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Cox Automotive predicts used car sales will exceed two million in Q1

Cox Automotive predicts used car sales will exceed two million in Q1

THE used car market will reach 2.02 million transactions by the end of March, according to new research from Cox Automotive.

The forecast follows recent used car figures from the SMMT that confirm a total of 7.9 million transactions in 2018, a fall of -2.1 per cent year-on-year.

The final SMMT figure was within one per cent of Cox Automotive’s first long-range forecast, published in August, and the business is now forecasting 2.02 million transactions in the first quarter of 2019.

This figure predicts a modest decline of 0.6 per cent compared to the first quarter of last year.

Cox Automotive issued its first ever market forecast back in August 2018, predicting that the used market would reach 7.86 million transactions by the end of the year. The forecast uses statistical analysis to combine data from Cox Automotive, SMMT change of ownership figures, and the latest projections on the UK economy.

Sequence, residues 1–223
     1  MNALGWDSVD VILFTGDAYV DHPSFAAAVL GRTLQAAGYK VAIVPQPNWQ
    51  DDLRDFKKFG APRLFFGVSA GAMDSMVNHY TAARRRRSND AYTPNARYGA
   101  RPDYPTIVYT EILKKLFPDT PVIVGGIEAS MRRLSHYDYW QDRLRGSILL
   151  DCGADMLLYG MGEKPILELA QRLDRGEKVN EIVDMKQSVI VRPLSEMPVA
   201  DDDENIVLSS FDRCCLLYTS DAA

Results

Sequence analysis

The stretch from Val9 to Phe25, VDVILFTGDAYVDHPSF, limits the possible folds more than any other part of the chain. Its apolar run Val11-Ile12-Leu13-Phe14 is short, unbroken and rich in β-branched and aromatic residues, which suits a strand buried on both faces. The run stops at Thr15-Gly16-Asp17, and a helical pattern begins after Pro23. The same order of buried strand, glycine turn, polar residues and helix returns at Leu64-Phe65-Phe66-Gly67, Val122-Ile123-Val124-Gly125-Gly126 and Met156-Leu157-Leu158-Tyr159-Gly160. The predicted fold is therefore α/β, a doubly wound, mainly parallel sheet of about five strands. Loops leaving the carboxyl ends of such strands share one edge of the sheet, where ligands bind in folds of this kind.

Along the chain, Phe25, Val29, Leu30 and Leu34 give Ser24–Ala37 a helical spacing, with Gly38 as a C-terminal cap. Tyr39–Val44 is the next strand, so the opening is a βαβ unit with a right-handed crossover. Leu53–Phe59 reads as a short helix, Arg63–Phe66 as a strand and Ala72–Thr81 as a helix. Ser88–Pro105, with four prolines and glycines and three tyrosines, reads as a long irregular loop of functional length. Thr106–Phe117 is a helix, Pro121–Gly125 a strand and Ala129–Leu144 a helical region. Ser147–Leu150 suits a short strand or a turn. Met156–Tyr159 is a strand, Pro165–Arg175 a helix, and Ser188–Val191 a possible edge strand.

Philip Nothard, Cox Automotive UK’s customer insight and strategy director, pictured above, said: ‘2018 was a good year for the used car market when you consider the uncertainty around Brexit, the economy, and the effects of WLTP.

He added that while this does represent a decline, ‘this would represent the fourth year in a row that used car transactions have passed the two million mark – a fantastic achievement that shows the strength of the market.’

The SMMT has also reported that results for low emission vehicles were encouraging, although sales remain low as an overall proportion of the market.

Nothard commented: ‘2018 was the first year that alternative fuel vehicles were available in the wholesale market in any quantity, and the growth in used car sales is certainly encouraging.

‘While diesel transactions held steady in 2018, the used-car market is starting to see the impact of reduced diesel registrations over the last three years. Availability of nearly-new diesel cars will certainly fall during 2019, although prices are likely to remain in line with the market in general.’

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